Schmidt remarked throughout the event on unanswered questions about AI despite common use of the technology.

He emphasized that the computer systems may be able to solve complex problems, such as in physics dealing with dark matter or dark energy, but that the humans who built the technology may not be able to determine how exactly the computer solved the problems.

Along the lines of this potential for dangerous use of the technology, he stated how AI development, though sometimes a force for good, “plays” with human lives.

He pointed out that to deal with this great technological power, almost every country now has created a governmental to oversee the ethics of AI development.

Schmidt stated that western values must be the dominant values in AI platforms that influence everyday life such as ones that have key implications for democracy.

With all the consideration on how to make AI work so it is effective but also utilitarian, Kissinger noted how much human thinking must go into managing the “thinking” these machines do, and that “a mere technological edge is not in itself decisive” in terms of AI that can compete with adversaries such as China’s diplomatic technological might.

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Artificial Intelligence

Vaccine Makers Promote Use of Artificial Intelligence for Development

Artificial Intelligence assists in the development of vaccine research and trial testing, makers say.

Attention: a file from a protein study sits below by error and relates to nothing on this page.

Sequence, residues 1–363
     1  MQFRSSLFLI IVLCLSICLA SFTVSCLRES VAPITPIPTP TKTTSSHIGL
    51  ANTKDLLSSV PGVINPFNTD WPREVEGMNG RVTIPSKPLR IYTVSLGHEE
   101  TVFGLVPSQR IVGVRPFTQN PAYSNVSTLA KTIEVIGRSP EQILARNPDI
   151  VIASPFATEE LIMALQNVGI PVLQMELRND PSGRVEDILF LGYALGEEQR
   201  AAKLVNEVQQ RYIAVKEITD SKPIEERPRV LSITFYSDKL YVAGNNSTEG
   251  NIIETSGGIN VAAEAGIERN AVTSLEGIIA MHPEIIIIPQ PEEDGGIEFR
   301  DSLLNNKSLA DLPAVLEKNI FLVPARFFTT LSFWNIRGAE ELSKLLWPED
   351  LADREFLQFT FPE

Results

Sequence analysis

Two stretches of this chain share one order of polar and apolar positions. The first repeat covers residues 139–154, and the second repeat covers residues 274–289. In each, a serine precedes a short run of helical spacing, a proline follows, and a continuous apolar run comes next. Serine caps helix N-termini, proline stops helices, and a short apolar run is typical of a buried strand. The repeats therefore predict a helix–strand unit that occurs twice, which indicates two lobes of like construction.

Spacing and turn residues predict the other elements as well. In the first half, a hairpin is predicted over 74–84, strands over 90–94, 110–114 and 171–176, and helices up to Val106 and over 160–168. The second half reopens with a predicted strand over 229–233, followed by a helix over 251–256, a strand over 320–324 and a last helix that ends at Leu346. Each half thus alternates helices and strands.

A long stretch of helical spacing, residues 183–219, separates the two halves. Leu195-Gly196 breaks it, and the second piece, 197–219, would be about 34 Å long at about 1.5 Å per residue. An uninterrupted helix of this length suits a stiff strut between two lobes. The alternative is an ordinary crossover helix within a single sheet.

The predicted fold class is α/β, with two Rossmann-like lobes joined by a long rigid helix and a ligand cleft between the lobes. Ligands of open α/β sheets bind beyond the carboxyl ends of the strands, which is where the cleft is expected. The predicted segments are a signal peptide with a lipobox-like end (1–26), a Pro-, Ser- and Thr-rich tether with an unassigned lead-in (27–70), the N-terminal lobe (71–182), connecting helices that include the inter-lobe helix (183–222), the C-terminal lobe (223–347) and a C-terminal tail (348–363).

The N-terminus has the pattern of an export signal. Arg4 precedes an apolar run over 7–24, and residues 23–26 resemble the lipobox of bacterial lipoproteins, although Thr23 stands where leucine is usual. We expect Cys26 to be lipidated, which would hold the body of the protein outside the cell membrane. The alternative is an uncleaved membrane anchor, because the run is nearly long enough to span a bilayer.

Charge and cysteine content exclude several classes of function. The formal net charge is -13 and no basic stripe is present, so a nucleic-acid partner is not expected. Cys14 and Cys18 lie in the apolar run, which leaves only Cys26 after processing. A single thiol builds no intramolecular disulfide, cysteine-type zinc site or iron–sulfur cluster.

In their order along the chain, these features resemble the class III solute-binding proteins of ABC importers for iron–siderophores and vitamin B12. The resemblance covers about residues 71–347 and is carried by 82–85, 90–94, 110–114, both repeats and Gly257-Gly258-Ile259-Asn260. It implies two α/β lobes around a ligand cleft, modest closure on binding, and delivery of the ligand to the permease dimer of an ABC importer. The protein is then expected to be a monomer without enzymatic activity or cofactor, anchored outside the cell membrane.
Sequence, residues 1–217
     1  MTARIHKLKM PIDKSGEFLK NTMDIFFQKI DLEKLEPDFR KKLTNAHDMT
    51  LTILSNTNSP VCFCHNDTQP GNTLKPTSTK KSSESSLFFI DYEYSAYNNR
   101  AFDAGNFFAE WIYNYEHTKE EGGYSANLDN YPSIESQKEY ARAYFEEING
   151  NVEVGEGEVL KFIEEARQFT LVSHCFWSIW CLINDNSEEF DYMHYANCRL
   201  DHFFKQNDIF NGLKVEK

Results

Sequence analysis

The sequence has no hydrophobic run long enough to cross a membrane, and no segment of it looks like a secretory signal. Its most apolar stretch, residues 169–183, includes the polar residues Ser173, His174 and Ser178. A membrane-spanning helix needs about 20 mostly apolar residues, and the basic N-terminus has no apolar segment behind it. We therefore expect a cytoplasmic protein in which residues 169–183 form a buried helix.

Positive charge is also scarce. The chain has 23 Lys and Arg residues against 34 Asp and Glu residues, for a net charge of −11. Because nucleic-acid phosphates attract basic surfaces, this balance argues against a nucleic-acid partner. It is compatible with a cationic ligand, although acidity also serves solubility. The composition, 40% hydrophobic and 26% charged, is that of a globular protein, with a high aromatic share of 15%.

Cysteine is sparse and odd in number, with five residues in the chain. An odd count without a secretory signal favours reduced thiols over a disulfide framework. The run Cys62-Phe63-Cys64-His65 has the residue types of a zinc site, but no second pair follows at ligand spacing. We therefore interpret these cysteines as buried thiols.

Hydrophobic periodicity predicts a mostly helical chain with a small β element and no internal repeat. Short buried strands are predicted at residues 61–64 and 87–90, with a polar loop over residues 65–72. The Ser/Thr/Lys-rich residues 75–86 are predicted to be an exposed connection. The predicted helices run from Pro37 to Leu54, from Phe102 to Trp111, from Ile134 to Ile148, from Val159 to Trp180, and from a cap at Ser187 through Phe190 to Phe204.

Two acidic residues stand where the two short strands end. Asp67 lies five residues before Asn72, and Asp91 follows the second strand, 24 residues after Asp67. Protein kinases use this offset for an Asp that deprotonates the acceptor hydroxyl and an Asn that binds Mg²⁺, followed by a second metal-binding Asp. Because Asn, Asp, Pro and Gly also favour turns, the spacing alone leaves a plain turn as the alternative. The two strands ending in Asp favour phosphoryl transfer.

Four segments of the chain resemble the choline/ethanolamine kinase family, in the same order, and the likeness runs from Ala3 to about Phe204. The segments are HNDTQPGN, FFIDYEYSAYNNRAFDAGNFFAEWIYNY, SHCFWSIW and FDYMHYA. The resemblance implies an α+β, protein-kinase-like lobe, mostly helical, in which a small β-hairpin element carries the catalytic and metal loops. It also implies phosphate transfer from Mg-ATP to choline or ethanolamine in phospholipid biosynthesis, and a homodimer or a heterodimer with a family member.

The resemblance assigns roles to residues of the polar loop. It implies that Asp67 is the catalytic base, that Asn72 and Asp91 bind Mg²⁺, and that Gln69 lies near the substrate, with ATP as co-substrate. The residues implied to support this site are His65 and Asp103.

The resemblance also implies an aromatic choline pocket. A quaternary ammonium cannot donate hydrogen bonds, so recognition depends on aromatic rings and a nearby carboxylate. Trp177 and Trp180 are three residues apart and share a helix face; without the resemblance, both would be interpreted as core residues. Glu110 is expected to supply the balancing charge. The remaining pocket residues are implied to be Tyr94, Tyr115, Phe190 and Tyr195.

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Najat Khan, Janssen’s research and development global head of strategy

WASHINGTON, December 15, 2021 – Artificial intelligence is helping accelerate the development of COVID-19 vaccines.

Leaders in Janssen’s and Moderna’s research and development groups said Tuesday that AI will help drug makers create better, more effective vaccines for patients.

Speaking at Bloomberg’s Technology Summit on Tuesday, Najat Khan, Janssen’s research and development global head of strategy, said AI is speeding up the delivery of new vaccines for populations in need. (Janssen is a subsidiary of Johnson & Johnson.)

“We use AI and machine learning to predict performance of clinical sites for potential [vaccine] trial sites,” Khan said. AI can help researchers target patients for trials to obtain more comprehensive data sets. Vaccine developers spend time, money, and resources finding patients to participate in clinical trials.

Khan said “only four percent” of eligible patients join a clinical trial. AI can help researchers focus their efforts to identify patients to participate, she said.

Outstanding concerns with AI

Despite AI’s usefulness in vaccine development, Khan said there is still a gap that exists between the information available in healthcare and what’s useful for AI. “There’s lots of data generated in health care, but it’s not connected,” Khan stated. “If it’s not connected, it’s fragmented.”

The problem, Khan said, is the varying systems health clinics use to input and store patients’ information. “Different systems across different clinics needs the same data,” Khan added. “I can go to two different clinics, each one year apart, and my data would be separate.”

On a large scale, mismatched datasets lead to “an over-index of patient information in some areas and an under-index in others,” she said.

For better innovation in treating and curing diseases, health providers need better ways to gather share data while complying with patient privacy concerns, Khan added.

One of health care providers’ challenges is effective data minimization and ensuring that health entities only use patient data according to the patient’s consent over the use of their data. The industry is starting to see progress with tokenization, Khan said, which anonymizes data and links with other data sources for a specific patient-focused purpose.

“This allows us to do even more with AI,” Khan said.